“Fat gets the prize and it’s just what he likes most,” cried Toad.
“Oh, but I’m glad I came,” sighed Fat, as he opened the big box of candy that Toad had handed him.
“Now all be good children,” he added, “and I’ll give you each a piece.”
THE SEARCH FOR THE SILVER COIN
“Shall we try to find the dime in the flour now?” asked Toad of Father Brown, after the boys had all tried some of Fat’s candy and found it very much to their liking.
“Fine,” agreed Father, “and I’ll go to get the pan.” When he returned a few moments later he carried a large tin dish-pan in his hands with an inch of flour in the bottom of it.
As Toad thought the floor the best place for this trick, the pan was placed there.
“How do you do it?” asked Reddy, standing with his back to the fire.
“It’s very easy,” answered Chuck with a grin. “There’s a ten cent piece on the bottom of that pan and you’ve got to pick it up with your lips without using your hands to help.”
“I’d have left my hands at home tonight, if I’d known they were to be of so little use,” laughed Herbie.
“Oh, you’ll need them later on,” replied Chuck, “see if you don’t.”
“Three at a time,” called out Father, “in a three minute try to see who can find the dime. Hopie, you, Toad and Fat try first.”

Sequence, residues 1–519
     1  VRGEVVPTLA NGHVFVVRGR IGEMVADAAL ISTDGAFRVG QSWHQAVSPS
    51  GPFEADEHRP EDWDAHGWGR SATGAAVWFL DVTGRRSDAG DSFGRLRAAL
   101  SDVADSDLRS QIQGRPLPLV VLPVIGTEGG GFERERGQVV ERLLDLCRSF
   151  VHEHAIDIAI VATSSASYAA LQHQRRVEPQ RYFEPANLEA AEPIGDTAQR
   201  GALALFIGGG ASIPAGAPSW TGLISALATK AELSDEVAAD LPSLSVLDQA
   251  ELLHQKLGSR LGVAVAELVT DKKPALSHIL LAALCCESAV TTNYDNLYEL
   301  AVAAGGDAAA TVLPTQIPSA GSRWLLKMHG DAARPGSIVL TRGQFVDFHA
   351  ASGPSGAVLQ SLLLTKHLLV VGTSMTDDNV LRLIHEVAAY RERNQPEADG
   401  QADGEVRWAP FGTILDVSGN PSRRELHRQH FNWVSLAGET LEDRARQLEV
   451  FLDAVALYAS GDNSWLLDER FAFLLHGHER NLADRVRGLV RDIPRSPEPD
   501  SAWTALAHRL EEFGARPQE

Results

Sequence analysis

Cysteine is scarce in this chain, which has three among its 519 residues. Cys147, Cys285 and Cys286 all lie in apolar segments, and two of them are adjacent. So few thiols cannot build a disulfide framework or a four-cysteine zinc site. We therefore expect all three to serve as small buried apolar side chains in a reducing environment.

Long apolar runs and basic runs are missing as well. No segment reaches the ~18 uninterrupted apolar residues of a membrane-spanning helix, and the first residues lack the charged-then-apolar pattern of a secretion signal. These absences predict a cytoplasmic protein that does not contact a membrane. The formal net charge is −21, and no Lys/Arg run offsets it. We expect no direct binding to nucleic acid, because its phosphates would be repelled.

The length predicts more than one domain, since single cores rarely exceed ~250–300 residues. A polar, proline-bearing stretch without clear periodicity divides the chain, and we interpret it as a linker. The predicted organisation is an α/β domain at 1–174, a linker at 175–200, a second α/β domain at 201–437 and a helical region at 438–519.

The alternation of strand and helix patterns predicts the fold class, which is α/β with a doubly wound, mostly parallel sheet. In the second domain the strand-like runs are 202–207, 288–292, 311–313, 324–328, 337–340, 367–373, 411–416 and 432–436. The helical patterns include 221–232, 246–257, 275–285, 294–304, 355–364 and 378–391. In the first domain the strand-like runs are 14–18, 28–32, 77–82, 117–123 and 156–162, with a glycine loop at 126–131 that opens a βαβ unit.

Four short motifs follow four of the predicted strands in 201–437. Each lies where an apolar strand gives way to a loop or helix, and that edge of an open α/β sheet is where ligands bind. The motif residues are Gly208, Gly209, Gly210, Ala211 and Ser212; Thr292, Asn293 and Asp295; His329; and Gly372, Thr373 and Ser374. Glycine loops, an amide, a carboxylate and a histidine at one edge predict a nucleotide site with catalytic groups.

[Illustration: The boys screamed with laughter as the queer-looking things bumped about on the table.]
Down went all three boys on their knees before the pan of flour and down into the flour went the three faces. Such a puffing and blowing that the flour rose like a white cloud and settled on the heads of the three who were pushing each other about in their efforts to find the money.
“They look like a lot of hungry pigs,” laughed Reddy.
“You’re not sick, are you Toad?” asked Herbie, “your face looks so pale,” at which everyone laughed.
Suddenly Hopie Smith jumped up with the flour falling from his face and the dime held fast between his lips.
“Hurrah; three cheers for Hopie,” shouted all the boys.
The pan was now carried out for a supply of fresh flour and a new dime. The three boys were brushed off and soon were watching the others trying to find the dime.
“Say, Reddy, you’re an old man,” cried Toad, “your hair is turning gray.”
“Look out there, Linn,” warned Fat, “you’ll turn into a pancake if you eat all that flour.”
At this Linn laughed, causing a great cloud of flour to rise from the pan.
“Chuck’s digging for sil——” but before Hopie could finish Reddy stood up, his dancing blue eyes shining like two stars. Between his lips he held the dime.
“Good for you, Red,” shouted Toad, “I knew you’d win it.”